How about low temperatures? If dogs and cats are exposed to low temperatures for long periods of time, body temperatures can drop and hypothermia can develop. As time passes, their body’s ability to bring itself back to normal temperatures diminishes. Depression of the circulatory, central nervous, respiratory and the immune systems commonly develop. It all leads to difficulty breathing, which is never good for any of our four-legged friends.
Every animal is different in how they handle changes in temperature. The size, age, breed, type of coat and health all play a part in protecting your cat or dog from variations in body temperature. Snub-nosed breeds are particularly at risk due to their inability to breathe efficiently.
Obviously, dogs and cats that have thick undercoats like Huskies, Samoyeds, Malamutes, Persians, and Maine Coon Cats, for example, are better protected in periods of cold weather while Chihuahuas, Sphynx cats and other small, short-haired breeds are more susceptible to cold temperatures. Makes sense, right? Does it work the other way around? Not necessarily. It depends on your pet’s normal environment and what temperatures they are accustomed to.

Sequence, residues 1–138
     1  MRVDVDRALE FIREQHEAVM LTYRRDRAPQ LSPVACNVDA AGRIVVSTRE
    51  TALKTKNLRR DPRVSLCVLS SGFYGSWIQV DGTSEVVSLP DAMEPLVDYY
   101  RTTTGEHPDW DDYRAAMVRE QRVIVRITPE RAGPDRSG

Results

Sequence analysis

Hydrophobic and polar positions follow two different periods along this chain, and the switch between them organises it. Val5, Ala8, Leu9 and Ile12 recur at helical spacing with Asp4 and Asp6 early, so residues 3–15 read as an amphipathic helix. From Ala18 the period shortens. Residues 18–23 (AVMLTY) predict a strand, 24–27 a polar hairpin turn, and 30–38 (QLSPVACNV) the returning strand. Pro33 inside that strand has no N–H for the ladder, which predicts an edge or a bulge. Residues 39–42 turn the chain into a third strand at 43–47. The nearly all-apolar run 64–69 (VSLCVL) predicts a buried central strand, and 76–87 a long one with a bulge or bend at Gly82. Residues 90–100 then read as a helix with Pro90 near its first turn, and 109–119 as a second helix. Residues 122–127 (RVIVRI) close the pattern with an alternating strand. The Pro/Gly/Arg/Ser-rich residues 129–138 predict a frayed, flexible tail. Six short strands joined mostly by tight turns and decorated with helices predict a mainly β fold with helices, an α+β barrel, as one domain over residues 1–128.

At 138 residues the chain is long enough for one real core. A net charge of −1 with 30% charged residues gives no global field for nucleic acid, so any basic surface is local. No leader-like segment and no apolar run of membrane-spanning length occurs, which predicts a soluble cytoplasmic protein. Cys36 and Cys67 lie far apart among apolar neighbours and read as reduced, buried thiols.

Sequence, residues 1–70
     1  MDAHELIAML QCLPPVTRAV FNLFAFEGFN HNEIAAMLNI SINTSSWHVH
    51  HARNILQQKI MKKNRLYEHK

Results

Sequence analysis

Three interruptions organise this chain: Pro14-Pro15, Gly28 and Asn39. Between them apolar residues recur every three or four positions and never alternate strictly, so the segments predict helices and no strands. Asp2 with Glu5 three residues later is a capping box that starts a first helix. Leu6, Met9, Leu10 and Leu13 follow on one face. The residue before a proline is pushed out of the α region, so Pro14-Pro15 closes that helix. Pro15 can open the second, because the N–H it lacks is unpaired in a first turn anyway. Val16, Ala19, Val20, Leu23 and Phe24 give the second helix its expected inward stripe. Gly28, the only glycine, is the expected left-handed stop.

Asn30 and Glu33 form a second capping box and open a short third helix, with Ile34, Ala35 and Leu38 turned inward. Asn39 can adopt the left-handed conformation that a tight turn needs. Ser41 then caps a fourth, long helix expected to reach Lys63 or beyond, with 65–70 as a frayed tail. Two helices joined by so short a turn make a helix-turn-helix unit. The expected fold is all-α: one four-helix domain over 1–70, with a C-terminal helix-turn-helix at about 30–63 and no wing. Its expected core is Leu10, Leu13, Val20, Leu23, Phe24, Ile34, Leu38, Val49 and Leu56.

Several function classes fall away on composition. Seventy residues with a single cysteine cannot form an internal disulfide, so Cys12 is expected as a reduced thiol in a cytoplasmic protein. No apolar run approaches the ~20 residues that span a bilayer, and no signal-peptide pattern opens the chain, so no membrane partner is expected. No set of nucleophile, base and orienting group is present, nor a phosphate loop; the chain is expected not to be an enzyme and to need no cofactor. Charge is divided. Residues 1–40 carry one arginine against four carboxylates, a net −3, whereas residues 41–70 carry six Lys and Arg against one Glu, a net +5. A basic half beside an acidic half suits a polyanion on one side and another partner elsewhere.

If your dog or cat is traveling from a warm climate to a cold climate, it is important to offer protection to them until they can become accustomed to lower temperatures. One way to help is with a self warming pad. This nifty pad can be used in a crate, carrier, cage or a car and will hold your pet’s natural body heat to be reabsorbed back into its body helping to keep it warm. Don’t forget sweaters for short-haired dogs and cats in low temperatures.
Let’s first consider ground travel as it is a less stressful way to travel with a pet. Obviously, if you are traveling in a car, conditions will be stable for your dog or cat because you will have control over temperatures in your car; that is, as long as you are in it. If you leave your pets in your car unaccompanied, know that temperatures can rise or fall very quickly in summer and winter, even if you leave the window open a bit. Takes only a few minutes to become risky for them, especially in periods of higher temperatures.